Rank Correlation

Correlation in exotic options


Uncertain correlation model for
Mezzanine tranche
Compound (implied) correlation
in Loss Distribution
Statistical Methods in
Estimating Default
Probability
Sources of default probability
information
Capital Structure Arbitrage
Generalized Linear Models
(GLM): theory, estimation and
inference

Exponential family of distributions

Logit and probit regressions. Link


functions
Estimation of default probability
for an enterprise with a logit
model

Sovereign credit rating transitions


and the ordered probit model

Other Topics
1. They are more general than structural models and assume that an
exogenous random variable drives default and that the probability of default
(PD) over any time interval is non-zero. An important input to determine the
default probability and the price of a bond is the rating of the company. Thus,
to determine the risk of a credit portfolio of rated issuers one generally has to
consider historical average defaults and transition probabilities for current
rating classes. Quite often in reduced form approaches the migration from
Reduced Form Models
one rating state to another is modeled using a Markov chain model with a
migration matrix governing the changes from one rating state to another.
Besides the fact that they allow for realistic short-term credit spreads,
reduced form models also give great flexibility in specifying the source of
default.

2.
1. Analysts expect financial information about the company consisting of five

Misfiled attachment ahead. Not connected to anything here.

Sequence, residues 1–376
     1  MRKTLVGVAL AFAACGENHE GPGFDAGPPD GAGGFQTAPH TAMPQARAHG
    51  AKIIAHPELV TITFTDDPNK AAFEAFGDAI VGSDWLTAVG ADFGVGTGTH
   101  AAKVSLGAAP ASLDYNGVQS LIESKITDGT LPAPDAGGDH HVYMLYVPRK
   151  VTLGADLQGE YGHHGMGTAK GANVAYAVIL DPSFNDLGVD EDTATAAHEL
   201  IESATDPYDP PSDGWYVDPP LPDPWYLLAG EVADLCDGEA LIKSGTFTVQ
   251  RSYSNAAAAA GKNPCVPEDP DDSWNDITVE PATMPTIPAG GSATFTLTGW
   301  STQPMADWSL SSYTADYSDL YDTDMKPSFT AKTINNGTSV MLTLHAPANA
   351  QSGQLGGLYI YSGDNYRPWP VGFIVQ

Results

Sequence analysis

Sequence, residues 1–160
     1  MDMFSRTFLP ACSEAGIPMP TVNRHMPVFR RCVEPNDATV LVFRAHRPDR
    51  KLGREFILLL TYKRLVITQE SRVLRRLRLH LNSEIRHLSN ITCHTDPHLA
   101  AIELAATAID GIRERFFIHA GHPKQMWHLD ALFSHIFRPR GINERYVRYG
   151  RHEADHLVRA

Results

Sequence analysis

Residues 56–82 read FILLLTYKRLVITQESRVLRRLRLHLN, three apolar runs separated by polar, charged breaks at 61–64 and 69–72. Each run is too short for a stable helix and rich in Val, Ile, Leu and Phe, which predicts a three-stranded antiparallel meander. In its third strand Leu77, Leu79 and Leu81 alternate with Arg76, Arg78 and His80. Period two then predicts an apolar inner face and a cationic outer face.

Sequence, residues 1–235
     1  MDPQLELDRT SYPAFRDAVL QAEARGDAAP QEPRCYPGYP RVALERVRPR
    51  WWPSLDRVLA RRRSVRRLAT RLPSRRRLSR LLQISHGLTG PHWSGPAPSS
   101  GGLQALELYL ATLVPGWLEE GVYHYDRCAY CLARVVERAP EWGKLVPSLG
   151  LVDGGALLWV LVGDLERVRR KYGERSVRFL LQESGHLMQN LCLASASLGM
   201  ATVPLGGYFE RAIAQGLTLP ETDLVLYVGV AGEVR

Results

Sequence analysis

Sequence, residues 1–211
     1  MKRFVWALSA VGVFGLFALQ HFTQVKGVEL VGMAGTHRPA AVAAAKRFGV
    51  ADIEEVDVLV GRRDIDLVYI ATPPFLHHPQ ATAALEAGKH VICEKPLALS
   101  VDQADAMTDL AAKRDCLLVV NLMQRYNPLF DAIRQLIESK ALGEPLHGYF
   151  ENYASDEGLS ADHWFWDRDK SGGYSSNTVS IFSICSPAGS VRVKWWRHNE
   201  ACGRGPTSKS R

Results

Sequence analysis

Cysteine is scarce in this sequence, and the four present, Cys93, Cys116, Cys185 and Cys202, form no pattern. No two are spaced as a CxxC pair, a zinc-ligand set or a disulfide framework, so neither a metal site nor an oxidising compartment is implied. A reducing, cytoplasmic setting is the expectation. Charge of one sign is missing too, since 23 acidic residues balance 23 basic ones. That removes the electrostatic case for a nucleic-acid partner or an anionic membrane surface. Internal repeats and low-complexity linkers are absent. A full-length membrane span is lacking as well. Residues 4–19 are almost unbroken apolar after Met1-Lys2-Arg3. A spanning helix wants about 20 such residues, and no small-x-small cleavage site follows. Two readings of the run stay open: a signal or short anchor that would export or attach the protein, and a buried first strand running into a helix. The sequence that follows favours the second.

years of audited annual financial statements,the last several interim financial
statements, and narrative descriptions of operations and products. The
meeting with corporate management can be considered an important part of
an agency’s rating process. The purpose is to review in detail the company’s
key operating and financing plans, management policies, and other credit
1. CREDIT RISK
factors that have an impact on the rating.
Rating based
modeling of credit
A:
risk, Theory and
Although credit rating and credit score may be used interchangeably in
application of
some cases, there is a distinction between these two phrases. A credit
migration
rating, often expressed as a letter grade, conveys the creditworthiness of a
matricces.pdf
business or government. A credit score is also an expression of
creditworthiness, but it is expressed in numerical form and only used for
2.219148718-The-
individuals. Both ratings and scores are designed to show creditors a
Credit-Scoring-
borrower's likelihood of repaying a debt.
Toolkit-R-
Anderson.pdf

3. Credit Risk
2. Rating Facotrs: Business Risk || Financial Risk
Scorecards
Industry Characteristics || Financial Characteristics
Rating process Developing and
Competitive Position || Financial Policy
Implementing
Marketing || Profitability
Intelligent Credit
Technology || Capital Structure
Scoring.pdf
Efficiency || Cash Flow Protection
Regulation || Financial Flexibility
4.74973105-
Management
Consumer-Credit-
Source: S&P’s Corporate Ratings Criteria (2000)
Models-Pricing-
Profit-and-
In the world of emerging markets, rating agencies usually also incorporate
Portfolios-2009
country and sovereign risk to their rating analysis. Both business risk factors